Turnover Battle Week 1: Denver Tops Baltimore

The team that wins the turnover battle usually wins the game, and it’s no mystery why: whether a strip-sack to end a key drive, an interception returned for a touchdown, or a game-saving pick, few plays make more of a difference in winning and losing. In the first in a new series, Dave Archibald looks at the decisive turnover(s) that swing a big game in the weekly NFL slate.

Defenses ruled the day in the Week 1 showdown between the Baltimore Ravens and Denver Broncos. Quarterbacks Peyton Manning and Joe Flacco threw the ball a combined 72 times, but totalled just 292 passing yards, a paltry 4.1 yards per attempt. The longest pass play went for just 22 yards. Neither Manning nor Flacco threw a touchdown pass, but they combined for three interceptions, each of which served to sway the outcome of the game.

The Blitz from the Slot

The Broncos held a 9-3 lead at halftime, but the Ravens drew blood less than a minute into the second half:Kyle-Arrington-slot-blitz-Jimmy-Smith-pick-six-all-22-markup

The Broncos line up in the shotgun with Demaryius Thomas (#88) split out wide and Jordan Norwood (#11) in the slot. The Ravens counter with Jimmy Smith (#22) and Kyle Arrington (#24) on them, respectively, but prior to the snap Arrington inches closer to the tackle box as if to blitz. He’s not the only Ravens defender showing blitz; all three of their linebackers align at the line of scrimmage, too, giving Baltimore seven potential pass rushers. With six blockers, Denver can’t account for all of them, and in this case they leave Arrington unblocked. He charges in on Manning (#18), who makes the correct read and targets Norwood on an out route.

With Arrington blitzing, no one is covering Norwood as he heads to the area vacated by Thomas’ go route. Unfortunately, with Arrington bearing in on him, Manning can’t get his legs into the throw and floats it, giving Smith time to come off Thomas and tip Manning’s pass in the air. He catches his own deflection and has nothing in front of him but green grass, sprinting to the end zone for a 10-9 lead.

Let the Games Begin

Denver got its revenge late in the third quarter with a clever blitz of its own. On 3rd-and-6 at the Baltimore 45 the Broncos sent six rushers at Flacco:Aqib-Talib-picks-Joe-Flacco-returned-for-TD-markup2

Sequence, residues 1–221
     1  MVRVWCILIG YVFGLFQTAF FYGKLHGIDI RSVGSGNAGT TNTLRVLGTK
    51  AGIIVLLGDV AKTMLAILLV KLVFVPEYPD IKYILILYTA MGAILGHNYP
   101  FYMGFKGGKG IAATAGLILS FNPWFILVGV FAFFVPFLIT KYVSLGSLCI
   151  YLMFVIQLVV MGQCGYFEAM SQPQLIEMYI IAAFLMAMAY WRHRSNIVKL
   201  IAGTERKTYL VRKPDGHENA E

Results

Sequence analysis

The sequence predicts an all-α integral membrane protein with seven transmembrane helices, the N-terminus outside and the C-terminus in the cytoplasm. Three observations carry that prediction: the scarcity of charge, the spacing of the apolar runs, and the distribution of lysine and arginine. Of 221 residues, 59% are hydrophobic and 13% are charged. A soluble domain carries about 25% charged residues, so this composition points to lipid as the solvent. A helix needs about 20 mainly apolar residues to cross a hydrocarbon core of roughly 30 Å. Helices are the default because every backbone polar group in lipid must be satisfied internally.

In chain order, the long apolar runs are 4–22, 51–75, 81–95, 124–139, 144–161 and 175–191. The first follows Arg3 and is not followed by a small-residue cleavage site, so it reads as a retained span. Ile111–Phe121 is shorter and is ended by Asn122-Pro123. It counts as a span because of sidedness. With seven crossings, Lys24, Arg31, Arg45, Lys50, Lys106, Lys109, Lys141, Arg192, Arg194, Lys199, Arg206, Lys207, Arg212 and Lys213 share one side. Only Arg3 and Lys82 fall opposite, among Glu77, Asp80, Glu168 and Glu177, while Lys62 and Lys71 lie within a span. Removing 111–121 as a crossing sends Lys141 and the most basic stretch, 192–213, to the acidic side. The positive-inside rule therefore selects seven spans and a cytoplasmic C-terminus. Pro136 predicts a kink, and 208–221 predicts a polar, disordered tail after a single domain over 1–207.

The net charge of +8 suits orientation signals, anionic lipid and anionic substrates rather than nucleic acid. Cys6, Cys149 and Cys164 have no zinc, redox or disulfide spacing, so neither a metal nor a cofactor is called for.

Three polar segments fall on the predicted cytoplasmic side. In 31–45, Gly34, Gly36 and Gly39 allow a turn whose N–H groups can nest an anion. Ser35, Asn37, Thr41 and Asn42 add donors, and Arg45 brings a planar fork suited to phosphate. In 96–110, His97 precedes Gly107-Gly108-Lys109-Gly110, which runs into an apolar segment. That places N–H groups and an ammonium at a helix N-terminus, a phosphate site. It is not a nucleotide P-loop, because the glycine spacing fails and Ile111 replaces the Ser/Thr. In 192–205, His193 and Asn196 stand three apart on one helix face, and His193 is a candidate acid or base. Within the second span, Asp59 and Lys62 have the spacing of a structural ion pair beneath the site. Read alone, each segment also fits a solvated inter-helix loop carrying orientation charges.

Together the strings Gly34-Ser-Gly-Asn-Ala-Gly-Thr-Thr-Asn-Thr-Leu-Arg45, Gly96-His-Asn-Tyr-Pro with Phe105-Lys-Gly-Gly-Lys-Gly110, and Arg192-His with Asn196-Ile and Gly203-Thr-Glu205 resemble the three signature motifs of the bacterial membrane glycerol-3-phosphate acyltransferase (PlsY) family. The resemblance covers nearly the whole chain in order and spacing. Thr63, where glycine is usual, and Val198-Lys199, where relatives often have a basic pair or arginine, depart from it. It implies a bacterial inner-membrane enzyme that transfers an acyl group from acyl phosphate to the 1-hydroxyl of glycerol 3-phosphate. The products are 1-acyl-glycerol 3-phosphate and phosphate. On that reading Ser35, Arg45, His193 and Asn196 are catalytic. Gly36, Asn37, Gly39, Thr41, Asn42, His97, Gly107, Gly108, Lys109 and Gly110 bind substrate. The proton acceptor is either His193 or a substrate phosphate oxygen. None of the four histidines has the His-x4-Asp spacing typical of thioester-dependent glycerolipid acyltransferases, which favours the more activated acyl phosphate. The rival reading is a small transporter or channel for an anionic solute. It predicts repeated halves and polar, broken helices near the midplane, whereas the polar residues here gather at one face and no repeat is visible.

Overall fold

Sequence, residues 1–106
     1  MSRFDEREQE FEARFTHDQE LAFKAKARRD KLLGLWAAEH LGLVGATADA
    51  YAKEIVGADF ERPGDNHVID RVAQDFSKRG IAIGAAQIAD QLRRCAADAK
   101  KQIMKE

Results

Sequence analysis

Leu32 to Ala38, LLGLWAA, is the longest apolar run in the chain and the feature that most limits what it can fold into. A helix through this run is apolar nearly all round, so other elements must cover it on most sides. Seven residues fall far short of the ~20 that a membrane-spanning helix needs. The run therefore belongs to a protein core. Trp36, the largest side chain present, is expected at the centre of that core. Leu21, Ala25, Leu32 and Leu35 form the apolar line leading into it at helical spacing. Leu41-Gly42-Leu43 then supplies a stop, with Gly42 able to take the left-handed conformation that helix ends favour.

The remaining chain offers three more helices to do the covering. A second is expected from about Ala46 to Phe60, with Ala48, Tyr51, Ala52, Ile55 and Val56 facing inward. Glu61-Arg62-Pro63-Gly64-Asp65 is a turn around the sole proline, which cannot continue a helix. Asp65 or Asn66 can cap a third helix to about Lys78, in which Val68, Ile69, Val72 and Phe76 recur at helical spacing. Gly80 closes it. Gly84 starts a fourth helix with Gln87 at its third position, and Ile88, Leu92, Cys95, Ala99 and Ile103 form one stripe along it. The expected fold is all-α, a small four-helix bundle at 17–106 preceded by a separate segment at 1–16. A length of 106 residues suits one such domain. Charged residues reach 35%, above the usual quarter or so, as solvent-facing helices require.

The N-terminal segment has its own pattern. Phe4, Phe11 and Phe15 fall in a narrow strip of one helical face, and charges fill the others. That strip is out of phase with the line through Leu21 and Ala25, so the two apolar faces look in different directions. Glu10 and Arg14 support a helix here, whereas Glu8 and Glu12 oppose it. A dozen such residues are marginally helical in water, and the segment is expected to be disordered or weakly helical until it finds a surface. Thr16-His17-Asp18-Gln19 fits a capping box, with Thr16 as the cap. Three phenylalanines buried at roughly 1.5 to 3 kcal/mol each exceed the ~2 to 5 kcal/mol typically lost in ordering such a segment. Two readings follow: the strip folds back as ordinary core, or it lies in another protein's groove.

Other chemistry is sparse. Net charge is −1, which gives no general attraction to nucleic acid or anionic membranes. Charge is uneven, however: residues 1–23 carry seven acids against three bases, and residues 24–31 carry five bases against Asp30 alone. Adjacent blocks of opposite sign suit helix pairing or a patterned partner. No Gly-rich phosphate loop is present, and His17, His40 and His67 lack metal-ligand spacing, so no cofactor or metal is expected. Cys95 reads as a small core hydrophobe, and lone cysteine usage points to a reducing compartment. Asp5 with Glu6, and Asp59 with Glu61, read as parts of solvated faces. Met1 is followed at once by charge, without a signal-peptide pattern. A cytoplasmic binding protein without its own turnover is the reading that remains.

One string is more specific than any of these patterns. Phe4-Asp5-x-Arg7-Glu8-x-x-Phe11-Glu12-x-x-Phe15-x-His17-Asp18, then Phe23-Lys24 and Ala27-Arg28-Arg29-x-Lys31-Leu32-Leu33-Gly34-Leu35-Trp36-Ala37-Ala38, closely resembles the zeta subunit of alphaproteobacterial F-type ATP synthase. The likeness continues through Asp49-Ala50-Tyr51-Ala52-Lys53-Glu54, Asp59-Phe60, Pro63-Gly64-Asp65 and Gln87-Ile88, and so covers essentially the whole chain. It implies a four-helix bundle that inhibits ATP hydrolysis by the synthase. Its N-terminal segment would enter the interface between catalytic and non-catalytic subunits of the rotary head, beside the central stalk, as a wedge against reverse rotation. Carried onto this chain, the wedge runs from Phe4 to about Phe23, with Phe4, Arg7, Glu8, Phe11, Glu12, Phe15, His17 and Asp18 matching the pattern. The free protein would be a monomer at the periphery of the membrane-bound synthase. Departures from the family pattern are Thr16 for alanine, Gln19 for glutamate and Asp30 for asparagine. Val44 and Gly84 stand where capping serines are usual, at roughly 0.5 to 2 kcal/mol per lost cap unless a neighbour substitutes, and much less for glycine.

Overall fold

All four down linemen for the Broncos rush, as does linebacker Brandon Marshall (#54) and safety David Bruton (#30). What makes the blitz effective is the “game” that Denver runs up front. Rather than have the blitzers charge straight ahead into the obvious gaps, they sow confusion in the Baltimore front by circling defensive tackle Mitch Unrein (#96) around the left side while Bruton loops from the left side to the right. Bruton ends up one on one with running back Justin Forsett (#29), who recognizes the game late and can only dive at Bruton’s legs. The safety gets pressure in Flacco’s face, forcing a quick decision – and a terrible one.

Flacco zips the pass to Steve Smith (#89), Baltimore’s most reliable receiver, but the veteran is not remotely open, with Denver cornerback Aqib Talib (#21) tight to his hip. Worse, Smith is running an in-cut, and Talib has inside leverage, putting the cornerback in position to intercept the pass. A convoy of blockers and a nifty cutback later, the game has swung from a 13-9 Ravens lead to a 16-13 Broncos advantage.

Not-So-Happy Gillmore

Bruton also factored heavily into the next interception, this time in coverage. The Ravens got the ball down by six with a little less than three minutes to play, and drove down to the Denver 16-yard-line, abetted in part by a pass interference penalty Bruton committed in coverage on Baltimore tight end Crockett Gillmore. On third-and-10, Bruton was given a chance to atone.Darian-Stewart-game-winning-interception-of-Joe-Flacco

Unlike the previous two turnovers, there’s no elaborate blitz here, just a standard four-man rush and a fairly clean pocket. Flacco, perhaps skittish from pressure throughout the game, still throws off his back foot to Gillmore, who has a step on Bruton on a seam route. The pass is slightly underthrown, and the tight end has to reach back over his defender to try to corral it. Bruton manages to get his hands up to break up the pass without making enough contact to draw a flag for interference. The pass looks like it will fall incomplete until defensive back Darian Stewart (#26) charges over to pluck it out of the air. One kneel down later and the game was over, a 19-13 Broncos victory.

Plot Twists Galore

The turnovers in this game functioned as plot twists in a mystery novel, upsetting the viewer’s perception of the final outcome. According to Pro Football Reference, the Smith interception dropped Denver’s chance of winning from 77.8% to 59.2%; the Talib touchdown increased it from 29.5% to 67.8%. The Stewart interception cinched the Broncos victory. Few plays can swing the outcome of a game more than a timely turnover, and that was certainly the case in the tilt between Baltimore and Denver. These three turnovers could loom large months from now when it comes time for playoff seeding in the AFC.

Follow Dave on Twitter @davearchie.

Dave Archibald knows pass defense, specifically how coverage, the pass rush, excellent cornerbacks, versatile safeties and in-game adjustments can make a big difference.

All video and images courtesy NFL.com and NFL Game Pass.

Leave a Reply

Your email address will not be published.